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Vendor financing still important despite interest rate cut

Creative solutions needed as financing costs remain high
Vendor financing was critical to the sale of 2525 36 Street North, Lethbridge, a multi-tenant industrial asset that changed hands in January after two years on the market.

While some brokers expected their phones to explode with interest following the Bank of Canada’s interest rate announcement on June 5, response has been much more muted.

The first sign that interest rate pressures could be easing was a mere 25-basis point cut in the policy rate, paring it back to 4.75 per cent.

But after the sharpest, most prolonged boost to interest rates in a generation, coupled with the U.S. Federal Reserve’s decision June 12 to hold off on cuts until later this year, financing remains tight.

“Although the interest rate cut is a positive sign and a move in the right direction, it is only 25 basis points and not enough to bridge the gap, whether for developments to be profitable or for investments to cover debt,” said Chris MacCauley, executive vice-president with CBRE Ltd.

Banks remain cautious about undeveloped land, with deal momentum in a holding pattern.

According to year-end data from Altus Group, land transactions in Metro Vancouver last year totaled $3.3 billion, a 62 per cent decrease versus a year earlier, of which industrial and commercial land totalled $1.5 billion, down 55 per cent.

Altus noted that industrial deals themselves were largely steady, declining just 4 per cent last year to $2.6 billion “in response to elevated interest rates, inflationary pressures, labour shortages, higher rental rates, and increased construction and material costs.”

Ongoing constraints on the financing side as interest rates remain stubbornly high means parties will still need to consider alternatives to close deals, including vendor financing – an option available at 7985 Lickman Road in Chilliwack, a listing MacCauley has that’s seeing good interest.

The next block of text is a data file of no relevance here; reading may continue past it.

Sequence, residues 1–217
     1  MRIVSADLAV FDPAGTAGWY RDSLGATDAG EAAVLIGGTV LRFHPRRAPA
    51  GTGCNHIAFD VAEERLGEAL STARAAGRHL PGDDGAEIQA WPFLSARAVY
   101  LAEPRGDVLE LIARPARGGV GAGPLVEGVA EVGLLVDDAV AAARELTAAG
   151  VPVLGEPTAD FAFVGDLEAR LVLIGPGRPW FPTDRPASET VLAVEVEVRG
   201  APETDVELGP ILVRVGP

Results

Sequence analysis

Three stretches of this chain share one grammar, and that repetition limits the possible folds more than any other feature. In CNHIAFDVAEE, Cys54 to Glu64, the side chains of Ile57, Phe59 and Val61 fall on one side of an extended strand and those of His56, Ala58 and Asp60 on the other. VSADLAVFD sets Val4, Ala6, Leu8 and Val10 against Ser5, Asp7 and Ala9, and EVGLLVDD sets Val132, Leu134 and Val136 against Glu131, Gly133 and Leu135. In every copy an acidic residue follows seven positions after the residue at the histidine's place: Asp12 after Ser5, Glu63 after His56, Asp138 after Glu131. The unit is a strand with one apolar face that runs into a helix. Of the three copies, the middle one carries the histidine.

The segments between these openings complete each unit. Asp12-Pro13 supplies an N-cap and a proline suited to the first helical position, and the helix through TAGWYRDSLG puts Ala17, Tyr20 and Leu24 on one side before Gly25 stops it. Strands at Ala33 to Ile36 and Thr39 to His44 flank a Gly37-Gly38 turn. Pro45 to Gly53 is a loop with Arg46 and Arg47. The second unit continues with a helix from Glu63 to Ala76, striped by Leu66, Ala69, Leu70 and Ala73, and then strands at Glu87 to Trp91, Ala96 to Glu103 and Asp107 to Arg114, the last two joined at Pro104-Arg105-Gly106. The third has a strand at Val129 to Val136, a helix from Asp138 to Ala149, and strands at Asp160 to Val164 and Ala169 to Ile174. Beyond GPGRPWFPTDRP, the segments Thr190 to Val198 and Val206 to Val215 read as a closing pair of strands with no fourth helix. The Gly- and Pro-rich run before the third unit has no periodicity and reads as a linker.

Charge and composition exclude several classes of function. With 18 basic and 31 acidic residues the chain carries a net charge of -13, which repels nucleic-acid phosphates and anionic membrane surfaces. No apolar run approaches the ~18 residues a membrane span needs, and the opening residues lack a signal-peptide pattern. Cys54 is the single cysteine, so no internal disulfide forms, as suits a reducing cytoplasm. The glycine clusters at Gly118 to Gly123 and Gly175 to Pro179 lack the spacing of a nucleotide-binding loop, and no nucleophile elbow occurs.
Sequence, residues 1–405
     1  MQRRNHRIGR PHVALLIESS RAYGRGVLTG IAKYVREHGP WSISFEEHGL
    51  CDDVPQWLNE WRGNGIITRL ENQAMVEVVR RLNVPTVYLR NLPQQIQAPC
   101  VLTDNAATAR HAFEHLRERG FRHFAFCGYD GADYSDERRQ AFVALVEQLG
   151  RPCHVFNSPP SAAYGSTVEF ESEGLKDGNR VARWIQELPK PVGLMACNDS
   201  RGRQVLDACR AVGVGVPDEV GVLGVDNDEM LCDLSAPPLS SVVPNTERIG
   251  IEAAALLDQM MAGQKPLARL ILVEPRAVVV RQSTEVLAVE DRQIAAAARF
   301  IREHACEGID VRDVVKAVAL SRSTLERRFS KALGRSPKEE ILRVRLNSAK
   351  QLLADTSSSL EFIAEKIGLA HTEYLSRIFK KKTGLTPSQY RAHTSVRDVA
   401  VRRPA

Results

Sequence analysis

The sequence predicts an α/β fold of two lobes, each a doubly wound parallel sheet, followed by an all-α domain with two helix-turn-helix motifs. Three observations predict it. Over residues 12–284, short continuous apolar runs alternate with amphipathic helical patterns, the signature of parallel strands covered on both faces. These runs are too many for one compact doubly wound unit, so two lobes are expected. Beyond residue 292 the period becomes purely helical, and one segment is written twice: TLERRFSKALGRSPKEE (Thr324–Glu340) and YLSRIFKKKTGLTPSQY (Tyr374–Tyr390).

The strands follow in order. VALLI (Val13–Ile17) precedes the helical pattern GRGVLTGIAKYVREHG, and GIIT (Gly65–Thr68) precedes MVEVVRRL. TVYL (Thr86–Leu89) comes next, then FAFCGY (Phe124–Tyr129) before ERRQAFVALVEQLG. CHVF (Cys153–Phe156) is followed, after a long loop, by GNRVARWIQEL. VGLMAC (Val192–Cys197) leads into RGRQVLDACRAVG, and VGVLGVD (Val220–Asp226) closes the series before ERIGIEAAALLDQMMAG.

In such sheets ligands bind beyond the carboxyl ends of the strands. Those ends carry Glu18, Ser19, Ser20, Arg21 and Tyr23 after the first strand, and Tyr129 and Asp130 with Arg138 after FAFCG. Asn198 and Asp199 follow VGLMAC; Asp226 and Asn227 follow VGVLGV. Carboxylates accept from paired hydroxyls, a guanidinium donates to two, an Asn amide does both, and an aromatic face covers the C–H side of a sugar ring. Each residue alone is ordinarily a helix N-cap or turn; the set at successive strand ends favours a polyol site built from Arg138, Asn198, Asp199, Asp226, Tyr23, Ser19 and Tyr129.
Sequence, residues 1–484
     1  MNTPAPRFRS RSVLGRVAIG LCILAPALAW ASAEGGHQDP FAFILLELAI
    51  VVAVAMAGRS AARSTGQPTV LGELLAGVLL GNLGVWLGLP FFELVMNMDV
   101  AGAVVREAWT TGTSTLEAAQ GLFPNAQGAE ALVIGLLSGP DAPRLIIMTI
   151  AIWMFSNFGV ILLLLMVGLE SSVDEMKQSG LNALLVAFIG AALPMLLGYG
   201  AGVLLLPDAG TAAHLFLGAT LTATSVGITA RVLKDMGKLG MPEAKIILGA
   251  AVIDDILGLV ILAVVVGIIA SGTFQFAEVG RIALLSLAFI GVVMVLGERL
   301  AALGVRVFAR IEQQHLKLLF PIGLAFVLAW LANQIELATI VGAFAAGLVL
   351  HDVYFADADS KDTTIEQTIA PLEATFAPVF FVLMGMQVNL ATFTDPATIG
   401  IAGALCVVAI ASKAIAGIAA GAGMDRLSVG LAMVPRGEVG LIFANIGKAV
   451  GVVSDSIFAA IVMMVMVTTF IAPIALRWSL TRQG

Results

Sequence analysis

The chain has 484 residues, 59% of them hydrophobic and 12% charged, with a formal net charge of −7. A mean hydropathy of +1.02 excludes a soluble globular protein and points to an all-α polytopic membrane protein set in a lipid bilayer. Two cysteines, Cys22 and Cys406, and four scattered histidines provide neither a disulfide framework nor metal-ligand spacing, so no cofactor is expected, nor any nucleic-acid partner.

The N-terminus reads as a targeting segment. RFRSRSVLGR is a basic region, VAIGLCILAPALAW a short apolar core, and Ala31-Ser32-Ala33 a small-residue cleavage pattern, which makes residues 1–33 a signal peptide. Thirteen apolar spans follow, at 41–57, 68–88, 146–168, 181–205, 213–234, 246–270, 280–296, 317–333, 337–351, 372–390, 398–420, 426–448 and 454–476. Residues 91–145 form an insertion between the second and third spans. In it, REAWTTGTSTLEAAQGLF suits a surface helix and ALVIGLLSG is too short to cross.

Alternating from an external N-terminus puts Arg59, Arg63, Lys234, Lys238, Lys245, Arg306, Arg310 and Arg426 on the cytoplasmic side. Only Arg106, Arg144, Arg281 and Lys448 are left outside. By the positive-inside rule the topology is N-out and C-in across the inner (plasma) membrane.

Purchased three years ago by Denciti Development Corp. in partnership with Kadestone Capital Corp., the site quietly hit the market last December.

The eight-acre site is priced at $32.2 million, a premium to the original purchase price of $22.25 million (the price also included a four-acre parcel to the south that Denciti is redeveloping with commercial uses including a hotel). The property was slated for a 24-unit strata industrial development.

Vendor financing was critical to getting an industrial deal across the finish line in Lehtbridge.

The owners of 2525 36 Street North, a former dairy plant that a consortium of 11 investors repositioned as a multi-tenant property offering 43,966 square feet of space on 5.6 acres, originally listed the property in late 2021 before interest rates started to rise.

“We had interest in the sale from multiple groups over the last two years, but then it really came down to the interest rate environment,” said listing broker Josh Marti, a principal and senior associate with Avison Young in Lethbridge. “[It] literally killed the offers that we had in play. No one could make it cash flow.”

This forced the ownership group to take a closer look at the options that could make it work.

“While most investment sales were beginning to die off due to the interest rate environment, our sellers decided to participate in the sale by acting as the actual primary financing on the property,” Marti explained.

Confident in the potential of the property in a tight market where vacancies are currently running in the 4 per cent range, the owners agreed to a five-year financing arrangement at 86 per cent loan to value at a rate of 4.5 per cent versus the 6 per cent other lenders were charging.

“It didn’t sacrifice the cash flow for the buyer, and what it did for the vendor is it kept their price whole – they didn’t have to take a haircut on the purchase price,” Marti said.

The transaction closed in early January for just under $4.4 million. Brookstone Investment Corp. of Innisfail was the successful purchaser.

“In an environment where all the investment deals were non-existent or dying off left, right, and centre, we actually kept this one alive because the seller was actually participating in the sale as opposed to butting heads with the buyer,” Marti said, noting that by financing the deal the former owners are going to see an extra $500,000 in interest on top of the purchase price.